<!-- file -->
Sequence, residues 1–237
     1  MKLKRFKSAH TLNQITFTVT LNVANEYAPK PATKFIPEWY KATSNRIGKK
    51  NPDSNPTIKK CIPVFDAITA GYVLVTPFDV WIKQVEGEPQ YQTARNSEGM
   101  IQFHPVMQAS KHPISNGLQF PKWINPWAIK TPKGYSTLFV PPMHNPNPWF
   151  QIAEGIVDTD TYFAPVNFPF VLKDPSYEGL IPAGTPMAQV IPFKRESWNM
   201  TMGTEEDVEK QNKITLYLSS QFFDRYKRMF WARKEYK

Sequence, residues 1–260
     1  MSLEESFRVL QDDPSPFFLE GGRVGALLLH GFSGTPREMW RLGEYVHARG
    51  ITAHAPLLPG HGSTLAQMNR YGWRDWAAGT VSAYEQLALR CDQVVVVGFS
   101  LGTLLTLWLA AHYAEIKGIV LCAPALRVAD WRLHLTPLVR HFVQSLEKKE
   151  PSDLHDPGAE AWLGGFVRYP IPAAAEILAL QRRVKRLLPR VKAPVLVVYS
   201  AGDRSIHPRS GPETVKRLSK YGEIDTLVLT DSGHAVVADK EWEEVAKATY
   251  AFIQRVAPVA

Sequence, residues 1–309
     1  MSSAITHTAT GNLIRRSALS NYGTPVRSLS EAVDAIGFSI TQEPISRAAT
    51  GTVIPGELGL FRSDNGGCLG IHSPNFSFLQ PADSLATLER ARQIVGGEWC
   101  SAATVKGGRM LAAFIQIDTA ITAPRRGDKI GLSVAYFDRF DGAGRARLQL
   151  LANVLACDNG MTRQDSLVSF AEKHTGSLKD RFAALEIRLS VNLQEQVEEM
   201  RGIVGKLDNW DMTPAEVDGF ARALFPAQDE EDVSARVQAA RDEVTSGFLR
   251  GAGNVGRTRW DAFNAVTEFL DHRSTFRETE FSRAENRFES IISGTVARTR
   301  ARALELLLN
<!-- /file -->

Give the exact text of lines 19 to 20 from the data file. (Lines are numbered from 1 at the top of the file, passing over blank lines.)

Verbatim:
   201  RGIVGKLDNW DMTPAEVDGF ARALFPAQDE EDVSARVQAA RDEVTSGFLR
   251  GAGNVGRTRW DAFNAVTEFL DHRSTFRETE FSRAENRFES IISGTVARTR